Verstappen’s car: Red Bull returns AlphaTauri debris

Verstappen’s car: Red Bull returns AlphaTauri debris

Red Bull have returned the end plate, which became wedged under Max Verstappen’s car at Silverstone , to its rightful owner. The part belongs to Pierre Gasly’s wing, who lost it after a collision with AlphaTauri teammate Yuki Tsunoda. Only after the race did Red Bull discover the debris under Verstappen’s car, who had only finished seventh due to handling problems. A photo of the Dutchman with the piece in his hand then made the rounds, but the world champion is not allowed to keep it. Because as part of the FIA’s financial regulations, the teams have to keep a record of the parts they use, which is why Verstappen cannot pocket it as a souvenir. “Yes, they returned it,” confirms AlphaTauri’s chief technical officer, Jody Egginton. “Of course it’s on our UIIL (Used Inventory Incremental List) not theirs, so we need it back.”

Egginton simply thinks it’s bad luck that the part was picked up by sister team Red Bull and brought Max Verstappen to victory: “Sometimes these things are a snowball, aren’t they? The probability of that is low, but it happened, and unfortunately it has it affected Max’s race. I’m sorry and they returned it.”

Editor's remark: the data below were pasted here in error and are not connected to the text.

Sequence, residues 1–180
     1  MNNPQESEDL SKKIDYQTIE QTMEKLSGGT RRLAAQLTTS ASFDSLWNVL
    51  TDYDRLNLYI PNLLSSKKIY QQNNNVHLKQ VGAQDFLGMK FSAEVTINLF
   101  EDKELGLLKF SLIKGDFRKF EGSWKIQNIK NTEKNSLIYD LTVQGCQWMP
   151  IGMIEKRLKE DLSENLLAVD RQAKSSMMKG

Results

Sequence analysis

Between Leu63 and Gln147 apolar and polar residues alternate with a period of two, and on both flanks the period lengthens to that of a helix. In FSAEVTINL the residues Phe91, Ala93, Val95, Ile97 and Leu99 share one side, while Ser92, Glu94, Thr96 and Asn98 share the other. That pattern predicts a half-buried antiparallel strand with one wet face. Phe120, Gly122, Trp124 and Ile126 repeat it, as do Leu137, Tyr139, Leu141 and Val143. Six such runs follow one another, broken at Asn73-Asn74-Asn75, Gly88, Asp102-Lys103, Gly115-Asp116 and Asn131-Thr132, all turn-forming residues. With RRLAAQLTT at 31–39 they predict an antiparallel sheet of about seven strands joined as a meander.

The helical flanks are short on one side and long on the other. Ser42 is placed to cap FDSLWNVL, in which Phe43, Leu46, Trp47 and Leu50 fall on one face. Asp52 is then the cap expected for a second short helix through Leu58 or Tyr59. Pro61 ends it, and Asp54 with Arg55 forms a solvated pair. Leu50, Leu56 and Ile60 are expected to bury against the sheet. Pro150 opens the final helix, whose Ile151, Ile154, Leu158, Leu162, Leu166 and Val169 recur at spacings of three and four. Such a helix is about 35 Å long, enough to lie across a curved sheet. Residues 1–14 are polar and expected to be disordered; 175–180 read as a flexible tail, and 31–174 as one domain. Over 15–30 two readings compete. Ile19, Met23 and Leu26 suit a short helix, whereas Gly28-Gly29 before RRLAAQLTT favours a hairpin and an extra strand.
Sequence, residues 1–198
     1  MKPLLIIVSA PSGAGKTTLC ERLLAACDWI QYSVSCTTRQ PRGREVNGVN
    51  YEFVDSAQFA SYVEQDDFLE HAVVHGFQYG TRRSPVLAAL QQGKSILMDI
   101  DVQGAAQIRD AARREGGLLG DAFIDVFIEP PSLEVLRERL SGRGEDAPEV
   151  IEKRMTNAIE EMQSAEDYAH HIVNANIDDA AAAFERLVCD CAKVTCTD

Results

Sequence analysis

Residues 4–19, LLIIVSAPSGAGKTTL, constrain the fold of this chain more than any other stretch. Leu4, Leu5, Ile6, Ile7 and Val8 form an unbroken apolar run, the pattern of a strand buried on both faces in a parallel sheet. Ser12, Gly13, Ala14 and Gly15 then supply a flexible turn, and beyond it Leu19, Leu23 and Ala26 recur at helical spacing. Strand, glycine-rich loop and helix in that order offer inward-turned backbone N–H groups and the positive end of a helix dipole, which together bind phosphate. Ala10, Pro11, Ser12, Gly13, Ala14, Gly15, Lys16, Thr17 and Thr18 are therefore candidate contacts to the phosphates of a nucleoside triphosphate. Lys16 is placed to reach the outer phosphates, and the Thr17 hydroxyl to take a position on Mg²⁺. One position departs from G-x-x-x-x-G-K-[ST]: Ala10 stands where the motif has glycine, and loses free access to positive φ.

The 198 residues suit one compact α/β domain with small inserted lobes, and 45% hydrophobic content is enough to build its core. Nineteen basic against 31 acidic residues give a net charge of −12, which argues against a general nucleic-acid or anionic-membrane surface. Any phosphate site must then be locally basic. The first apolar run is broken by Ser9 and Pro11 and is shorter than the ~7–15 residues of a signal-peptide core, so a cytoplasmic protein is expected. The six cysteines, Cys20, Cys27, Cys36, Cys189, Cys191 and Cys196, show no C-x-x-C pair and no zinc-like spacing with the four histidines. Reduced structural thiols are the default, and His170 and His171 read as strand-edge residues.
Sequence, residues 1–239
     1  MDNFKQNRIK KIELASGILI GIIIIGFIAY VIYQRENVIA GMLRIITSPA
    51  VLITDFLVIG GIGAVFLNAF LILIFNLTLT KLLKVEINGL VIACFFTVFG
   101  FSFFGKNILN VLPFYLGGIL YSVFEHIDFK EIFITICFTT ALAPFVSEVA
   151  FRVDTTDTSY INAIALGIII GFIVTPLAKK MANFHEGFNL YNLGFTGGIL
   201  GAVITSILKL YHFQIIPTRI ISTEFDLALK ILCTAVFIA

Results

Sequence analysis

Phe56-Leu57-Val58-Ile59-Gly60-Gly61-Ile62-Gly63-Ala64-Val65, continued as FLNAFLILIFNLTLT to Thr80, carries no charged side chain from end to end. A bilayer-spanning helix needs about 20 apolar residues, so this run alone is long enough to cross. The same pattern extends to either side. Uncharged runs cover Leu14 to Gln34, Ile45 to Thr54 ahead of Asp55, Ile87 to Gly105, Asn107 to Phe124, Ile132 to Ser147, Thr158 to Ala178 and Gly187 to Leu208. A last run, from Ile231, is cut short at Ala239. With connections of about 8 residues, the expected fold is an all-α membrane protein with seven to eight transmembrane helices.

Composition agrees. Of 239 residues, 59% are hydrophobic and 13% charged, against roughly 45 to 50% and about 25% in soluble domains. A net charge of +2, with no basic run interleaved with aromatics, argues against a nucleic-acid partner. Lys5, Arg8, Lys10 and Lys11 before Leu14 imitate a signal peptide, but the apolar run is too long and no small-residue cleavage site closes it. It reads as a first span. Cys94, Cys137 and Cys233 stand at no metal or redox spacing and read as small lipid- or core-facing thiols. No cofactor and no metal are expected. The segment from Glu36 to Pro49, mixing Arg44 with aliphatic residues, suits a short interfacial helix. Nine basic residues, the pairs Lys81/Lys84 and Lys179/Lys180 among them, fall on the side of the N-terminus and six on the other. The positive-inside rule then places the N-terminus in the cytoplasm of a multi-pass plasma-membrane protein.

What the team is doing with it: “I don’t know. There are a few places we could put it, but I don’t want to comment on that…” There was a lot of criticism for Tsunoda after the internal team collision, not only from Gasly but also from team boss Franz Tost and Red Bull Motorsport consultant Helmut Marko. The engineers also made it clear that something like this must not happen again. “There were discussions with Franz and Helmut, which are of course known to the public,” says Egginton. “And then we sat down as an engineering group and said what we need to do.”

“But from our side it’s more about sitting down and discussing objectively and figuring out what we need, what we want and how we want to get there. So there are some different discussions,” he said. “I’m not privy to the discussions that take place at the team principal level. But at the technical level, as a young rider, we’re going to sit down and discuss as engineers and say: we have to avoid that. And that’s what we want to achieve .”

Melissa Galbraith
Melissa Galbraith is the World News reporter for Globe Live Media. She covers all the major events happening around the World. From Europe to Americas, from Asia to Antarctica, Melissa covers it all. Never miss another Major World Event by bookmarking her author page right here.